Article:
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I am trying to solve a problem given by the Book "Scala for the Impatient", which asked to implement java's BufferedInputStream as a trait. Here is my implementation,

trait Buffering {           
    this:InputStream =>
        private[this] val bis = {
            new JavaBufferedInputStream(this)
        override def read = bis.read
        override def read(byte:Array[Byte], off:Int, len:Int) = bis.read(byte, off, len)
        override def available = bis.available
        override def close() {
        override def skip(n:Long) = bis.skip(n)

def main(args:Array[String]) {
    val bfis = new FileInputStream(new File("foo.txt")) with Buffering

But this give me a java stackoverflow error, so what's wrong with it? Thanks!

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3 Answers 3

up vote 3 down vote accepted

It looks like you are getting a stack overflow where you don't expect one. The key to troubleshoot these is to look at the repeating cycle of the stack trace. It usually points to what is repeatedly allocating frames. Here it will show something like that:

at C.Buffering$class.read(C.scala:12)
at C.C$$anon$1.read(C.scala:23)
at java.io.BufferedInputStream.read1(BufferedInputStream.java:256)
at java.io.BufferedInputStream.read(BufferedInputStream.java:317)
at C.Buffering$class.read(C.scala:12)
at C.C$$anon$1.read(C.scala:23)
at java.io.BufferedInputStream.read1(BufferedInputStream.java:256)
at java.io.BufferedInputStream.read(BufferedInputStream.java:317)
at C.Buffering$class.read(C.scala:12)

So reading from bottom to top, it looks like your read(byte, ...) is calling bis.read(byte, ...) which is calling BufferedInputStream.read which is then calling your read(byte, ...) again.

It would appear that new BufferedInputStream(this) is calling read on the underlying InputStream but since the underlying this is your object that then delegates calls on bis we have infinite recursion.

I'm guessing that the author wants you to use the abstract override stackable modifications pattern where you can use super to refer to the right read method.

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I put some "println" into the execution block of read in Buffering, and confirms "read" is only executed when I call bfis.read. I did notice that read(byte:Array[Byte], off:Int, len:Int) is liking being called in an infinite loop, which I don't understand why... Concerning your suggestion, if I used abstract override to call super, how can I mix BufferedInputStream into the underlying inputStream? Can you shed more light on that? Thanks much! –  Sheng Apr 16 '12 at 11:53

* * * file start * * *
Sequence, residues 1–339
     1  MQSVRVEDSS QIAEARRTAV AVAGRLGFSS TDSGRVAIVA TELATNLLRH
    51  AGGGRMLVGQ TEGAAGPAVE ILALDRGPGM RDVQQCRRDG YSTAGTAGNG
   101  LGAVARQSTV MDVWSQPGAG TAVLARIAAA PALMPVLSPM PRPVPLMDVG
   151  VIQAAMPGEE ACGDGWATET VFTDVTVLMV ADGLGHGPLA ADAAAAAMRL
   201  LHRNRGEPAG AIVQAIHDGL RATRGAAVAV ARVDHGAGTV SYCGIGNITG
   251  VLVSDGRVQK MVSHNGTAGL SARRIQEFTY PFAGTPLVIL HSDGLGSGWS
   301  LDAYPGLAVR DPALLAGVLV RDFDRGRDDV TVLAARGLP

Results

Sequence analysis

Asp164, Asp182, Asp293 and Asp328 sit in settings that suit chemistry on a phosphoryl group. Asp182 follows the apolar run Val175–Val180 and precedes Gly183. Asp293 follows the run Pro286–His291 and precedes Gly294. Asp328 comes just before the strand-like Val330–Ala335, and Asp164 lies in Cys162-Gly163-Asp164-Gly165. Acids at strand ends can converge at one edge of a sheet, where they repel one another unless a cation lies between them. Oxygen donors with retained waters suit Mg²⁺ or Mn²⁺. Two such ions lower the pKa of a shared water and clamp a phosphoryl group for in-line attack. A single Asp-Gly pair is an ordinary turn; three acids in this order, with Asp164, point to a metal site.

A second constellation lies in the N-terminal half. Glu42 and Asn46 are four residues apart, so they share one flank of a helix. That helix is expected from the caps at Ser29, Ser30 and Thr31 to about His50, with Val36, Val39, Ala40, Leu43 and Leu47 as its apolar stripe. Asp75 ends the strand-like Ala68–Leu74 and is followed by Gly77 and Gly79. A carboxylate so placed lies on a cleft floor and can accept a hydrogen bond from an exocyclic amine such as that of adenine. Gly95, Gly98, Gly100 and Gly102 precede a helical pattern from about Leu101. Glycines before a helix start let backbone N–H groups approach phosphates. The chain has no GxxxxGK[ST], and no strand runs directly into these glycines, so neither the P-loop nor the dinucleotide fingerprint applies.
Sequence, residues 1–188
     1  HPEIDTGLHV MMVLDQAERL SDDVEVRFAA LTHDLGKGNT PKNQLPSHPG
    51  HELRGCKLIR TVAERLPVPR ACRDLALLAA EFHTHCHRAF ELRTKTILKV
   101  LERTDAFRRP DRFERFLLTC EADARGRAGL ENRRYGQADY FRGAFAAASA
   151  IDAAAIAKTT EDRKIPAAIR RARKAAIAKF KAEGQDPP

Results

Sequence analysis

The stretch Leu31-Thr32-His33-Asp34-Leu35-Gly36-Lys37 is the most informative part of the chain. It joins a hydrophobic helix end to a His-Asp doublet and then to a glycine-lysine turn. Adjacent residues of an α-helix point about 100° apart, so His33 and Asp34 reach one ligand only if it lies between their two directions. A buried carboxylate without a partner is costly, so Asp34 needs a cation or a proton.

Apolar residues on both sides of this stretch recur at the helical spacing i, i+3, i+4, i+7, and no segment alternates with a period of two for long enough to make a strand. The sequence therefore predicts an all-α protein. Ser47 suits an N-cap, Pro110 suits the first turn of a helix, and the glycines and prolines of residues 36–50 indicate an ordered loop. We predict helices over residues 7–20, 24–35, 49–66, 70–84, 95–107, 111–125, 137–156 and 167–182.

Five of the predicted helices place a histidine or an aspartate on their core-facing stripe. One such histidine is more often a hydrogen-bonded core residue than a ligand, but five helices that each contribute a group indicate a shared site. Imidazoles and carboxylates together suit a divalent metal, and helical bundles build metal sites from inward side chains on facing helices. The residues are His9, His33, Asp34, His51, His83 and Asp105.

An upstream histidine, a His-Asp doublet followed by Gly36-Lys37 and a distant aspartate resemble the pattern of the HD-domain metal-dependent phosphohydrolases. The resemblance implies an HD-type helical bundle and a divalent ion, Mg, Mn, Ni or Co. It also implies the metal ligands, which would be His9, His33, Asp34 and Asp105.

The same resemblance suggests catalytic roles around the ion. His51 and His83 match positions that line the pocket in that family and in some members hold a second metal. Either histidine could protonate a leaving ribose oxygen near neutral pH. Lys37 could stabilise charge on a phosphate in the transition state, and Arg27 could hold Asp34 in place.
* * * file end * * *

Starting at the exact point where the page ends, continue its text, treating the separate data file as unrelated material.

@Sheng, read is only executed once but then calls BufferedInputStream.read which calls read(Array[Byte], int, int) which causes infinite loop. The infinite loop is because BufferedInputStream is trying to buffer this which is to say it is trying to buffered itself... With respect to the abstract override, I don't know. I don't have the book. Does the author suggest you should be using the Java BufferedInputStream? It seems it would be hard to convert it as a mixin since it was not designed that way. –  huynhjl Apr 16 '12 at 14:19
@huynhjil, I start to believe the intent of this problem is to ask readers to somehow implement their own buffered methods instead of calling the java one (and it is not that difficult, just call super.read to read a big chunk of data into an array buffer to improve reading performance ...), 'cause there is no way to get around that recursive, infinite call-itself trap. Thanks for your abstract override suggestion, I think that is what I need:-) –  Sheng Apr 16 '12 at 19:51
There really should be a way to pass super (i.e. the instance of InputStream) to the constructor of JavaBufferedInputStream. –  Tobias Brandt Nov 10 '13 at 18:59

Maybe this is the answer. Just maybe from what i understood.

trait Buffering extends InputStream{
abstract override def read()=
val t = new ByteArrayInputStream("hello".getBytes()) with Buffering
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Be more specific –  Lior Aug 24 '14 at 14:12
why does the OP get a stackoverflow error? –  dreamlab Aug 24 '14 at 14:28
dreamlab (it's answered by hyunjl). –  Han Aug 27 '14 at 15:37
Choosen this as, the book's question was "In java io library, you add buffering to an inputstream with BuffredInputStream decorator. Reimplement buffering as a trait. For simplicity override the read method. –  Han Aug 27 '14 at 15:39
I found another way to make access applicable to override the inputstream. But does not seem to be one being discussed. import java.io._ trait Buffering{ val in:InputStream; //all the yada,yada def read()= { println("hello"); in.read(); } } val t = new { val in = new ByteArrayInputStream("hello".getBytes()); } with Buffering this way there is more control over the parameter. I'm still new in scala and trying to share what i had learned. –  Han Aug 27 '14 at 15:47

I have been going through "Scala for the Impatient". Here is what I have as a solution to exercise 8 in chapter 10:

import java.io._

object BufferedInputStream extends App {

  trait Buffering {
    this: FileInputStream =>
    val br = new BufferedInputStream(this)

  def bufferedReader(f: String): Unit = {
    val fis = new FileInputStream(f) with Buffering
    var c = 0
    var blen = 8192
    var len = 0
    var b = new Array[Byte](blen)
    while (fis.br.available > 0) {
      if (fis.br.available > blen) len = blen
      else len = fis.br.available
      c = fis.br.read(b, 0, len)
      if (c == -1) return
      print((for (i <- 0 to (c - 1)) yield b(i).toChar).mkString)


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